Rosebery
Tom Holdsworth Photography

Rosebery

place architecture:design as Architects

This renovation reimagines a timeless design while staying true to the original style of this 1960s mid-century modern house. The client wanted to expand their living space by connecting the kitchen and dining areas, allowing flexibility to accommodate their busy life. We worked with our client, who had a love for modern design and an Australian-minimalist design aesthetic.

photo_credit Tom Holdsworth Photography
Tom Holdsworth Photography

This long, one story home is framed by a low sloping planar roof similar to its mid-century neighbors. The exterior is a combination of brick and siding with a window pattern modified from its original design. Exposed beams run front to back and were the last remaining interior elements from the initial plan.

To accomplish the client's goal of an open floor plan, it was necessary to install a steel beam for structural support which added an industrial element to the new living space. This beam acts as a natural division between the kitchen and dining room.

photo_credit Tom Holdsworth Photography
Tom Holdsworth Photography

A white oak vertical screen was introduced at the entry to define arrival and complement other wood accents in the space. Updating the front facade, we highlighted the differences between brick and glass, unifying the exterior and increasing the flood of natural light. Our palette of natural wood, concrete floors, white cabinets, and exposed wood beams provide warmth and tranquility.

A unique feature of this home is the walk-in pantry. The door was designed to seamlessly integrate into the paneled wall when closed allowing for ultimate flexibility when entertaining. The TV cabinet is also hidden in the paneled wall with a retractable paneled door. This custom millwork enabled us to hide functional elements while maintaining the beauty of the architecture. The sustainable and efficient use of the existing space allowed us to include a much needed mudroom and laundry room into the project scope.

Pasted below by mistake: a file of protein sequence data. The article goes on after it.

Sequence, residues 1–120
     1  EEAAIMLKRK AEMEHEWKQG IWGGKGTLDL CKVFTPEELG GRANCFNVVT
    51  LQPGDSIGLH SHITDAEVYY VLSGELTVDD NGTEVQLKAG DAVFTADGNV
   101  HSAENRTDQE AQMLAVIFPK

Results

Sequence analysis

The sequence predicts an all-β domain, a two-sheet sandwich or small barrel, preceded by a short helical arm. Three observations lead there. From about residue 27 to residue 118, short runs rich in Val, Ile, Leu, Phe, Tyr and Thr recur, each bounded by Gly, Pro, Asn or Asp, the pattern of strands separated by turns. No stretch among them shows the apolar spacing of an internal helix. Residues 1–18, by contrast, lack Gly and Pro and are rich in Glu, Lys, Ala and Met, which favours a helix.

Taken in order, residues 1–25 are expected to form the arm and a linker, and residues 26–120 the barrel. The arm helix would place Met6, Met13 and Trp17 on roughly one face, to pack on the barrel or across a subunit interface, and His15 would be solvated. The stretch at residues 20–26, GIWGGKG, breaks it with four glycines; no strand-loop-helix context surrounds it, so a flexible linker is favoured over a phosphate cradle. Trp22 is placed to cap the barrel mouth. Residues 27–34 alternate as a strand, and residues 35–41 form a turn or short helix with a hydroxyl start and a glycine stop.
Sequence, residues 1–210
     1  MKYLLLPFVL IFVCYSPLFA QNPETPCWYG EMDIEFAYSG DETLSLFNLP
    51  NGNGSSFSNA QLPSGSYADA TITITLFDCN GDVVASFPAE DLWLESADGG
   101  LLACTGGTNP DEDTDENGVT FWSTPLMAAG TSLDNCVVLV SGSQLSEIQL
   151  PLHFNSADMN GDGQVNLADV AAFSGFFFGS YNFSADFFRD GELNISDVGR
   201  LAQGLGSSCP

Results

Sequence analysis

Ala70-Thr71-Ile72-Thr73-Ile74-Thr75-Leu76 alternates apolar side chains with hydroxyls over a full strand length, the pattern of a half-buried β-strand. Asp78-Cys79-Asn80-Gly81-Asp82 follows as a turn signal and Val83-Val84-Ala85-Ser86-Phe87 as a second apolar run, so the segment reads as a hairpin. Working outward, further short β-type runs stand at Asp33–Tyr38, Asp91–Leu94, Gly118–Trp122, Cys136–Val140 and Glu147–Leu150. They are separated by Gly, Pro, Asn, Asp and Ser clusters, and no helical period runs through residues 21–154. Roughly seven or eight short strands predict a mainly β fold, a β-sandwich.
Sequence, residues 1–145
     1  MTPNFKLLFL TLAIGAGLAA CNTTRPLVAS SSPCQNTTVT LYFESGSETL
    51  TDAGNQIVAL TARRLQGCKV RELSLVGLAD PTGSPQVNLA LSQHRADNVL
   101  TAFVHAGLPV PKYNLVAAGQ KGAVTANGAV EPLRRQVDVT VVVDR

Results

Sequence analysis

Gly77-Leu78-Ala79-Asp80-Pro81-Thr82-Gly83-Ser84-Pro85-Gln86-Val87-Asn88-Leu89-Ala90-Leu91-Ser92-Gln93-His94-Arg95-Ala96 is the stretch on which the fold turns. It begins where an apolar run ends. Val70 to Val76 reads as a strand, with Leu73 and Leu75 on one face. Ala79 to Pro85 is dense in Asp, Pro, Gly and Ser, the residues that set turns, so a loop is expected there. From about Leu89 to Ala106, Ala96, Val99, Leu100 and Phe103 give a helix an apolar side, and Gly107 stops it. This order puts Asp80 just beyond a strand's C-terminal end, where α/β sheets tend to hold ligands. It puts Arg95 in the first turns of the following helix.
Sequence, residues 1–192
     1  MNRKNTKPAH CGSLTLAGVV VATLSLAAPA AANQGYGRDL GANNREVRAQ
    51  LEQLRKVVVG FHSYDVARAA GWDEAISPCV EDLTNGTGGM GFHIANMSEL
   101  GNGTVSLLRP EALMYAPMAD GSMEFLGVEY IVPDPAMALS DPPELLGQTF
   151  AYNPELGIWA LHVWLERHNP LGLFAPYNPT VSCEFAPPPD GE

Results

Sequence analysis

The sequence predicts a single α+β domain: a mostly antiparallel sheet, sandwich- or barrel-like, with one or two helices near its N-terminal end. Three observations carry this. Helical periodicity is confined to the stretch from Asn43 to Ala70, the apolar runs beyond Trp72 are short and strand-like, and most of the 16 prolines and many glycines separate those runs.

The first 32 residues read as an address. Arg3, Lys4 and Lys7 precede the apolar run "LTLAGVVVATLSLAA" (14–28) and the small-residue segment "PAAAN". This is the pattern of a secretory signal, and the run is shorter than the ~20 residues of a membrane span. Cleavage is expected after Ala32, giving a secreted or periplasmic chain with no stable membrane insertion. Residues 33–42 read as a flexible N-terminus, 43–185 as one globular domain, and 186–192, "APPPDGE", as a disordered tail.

photo_credit Tom Holdsworth Photography
Tom Holdsworth Photography

Our clients were a young family who own a midcentury home. They wanted to keep the essence of mid-century modern architecture but change the functional relationships, creating a clean, bright and modern space. Our design team worked well with the clients’ who had an Australian-minimalist aesthetic and love for modern design.

The project name came to us as we were seeking inspiration from street names in Australia. We connected with the name Rosebery as it felt like the essence of our client. Weeks later, after they saw the project name, they told us they lived in the town of Rosebery in Australia many years ago. It was coincidental and similar to finding a needle in a haystack!

photo_credit Tom Holdsworth Photography
Tom Holdsworth Photography

When working on a 60-year-old home, challenges can lie under the surface. Replacing and reconfiguring existing and new infrastructure is a constant balance between budget and scope. We had to cut into the existing concrete slab to access the damaged pipes and run new piping in order to complete the new work.

photo_credit Tom Holdsworth Photography
Tom Holdsworth Photography

Team:
Architects: place architecture:design
Contractor: Greenleaf Construction
Photographer: Tom Holdsworth Photography

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ElementBrandProduct name
ManufacturersFlos
AIM
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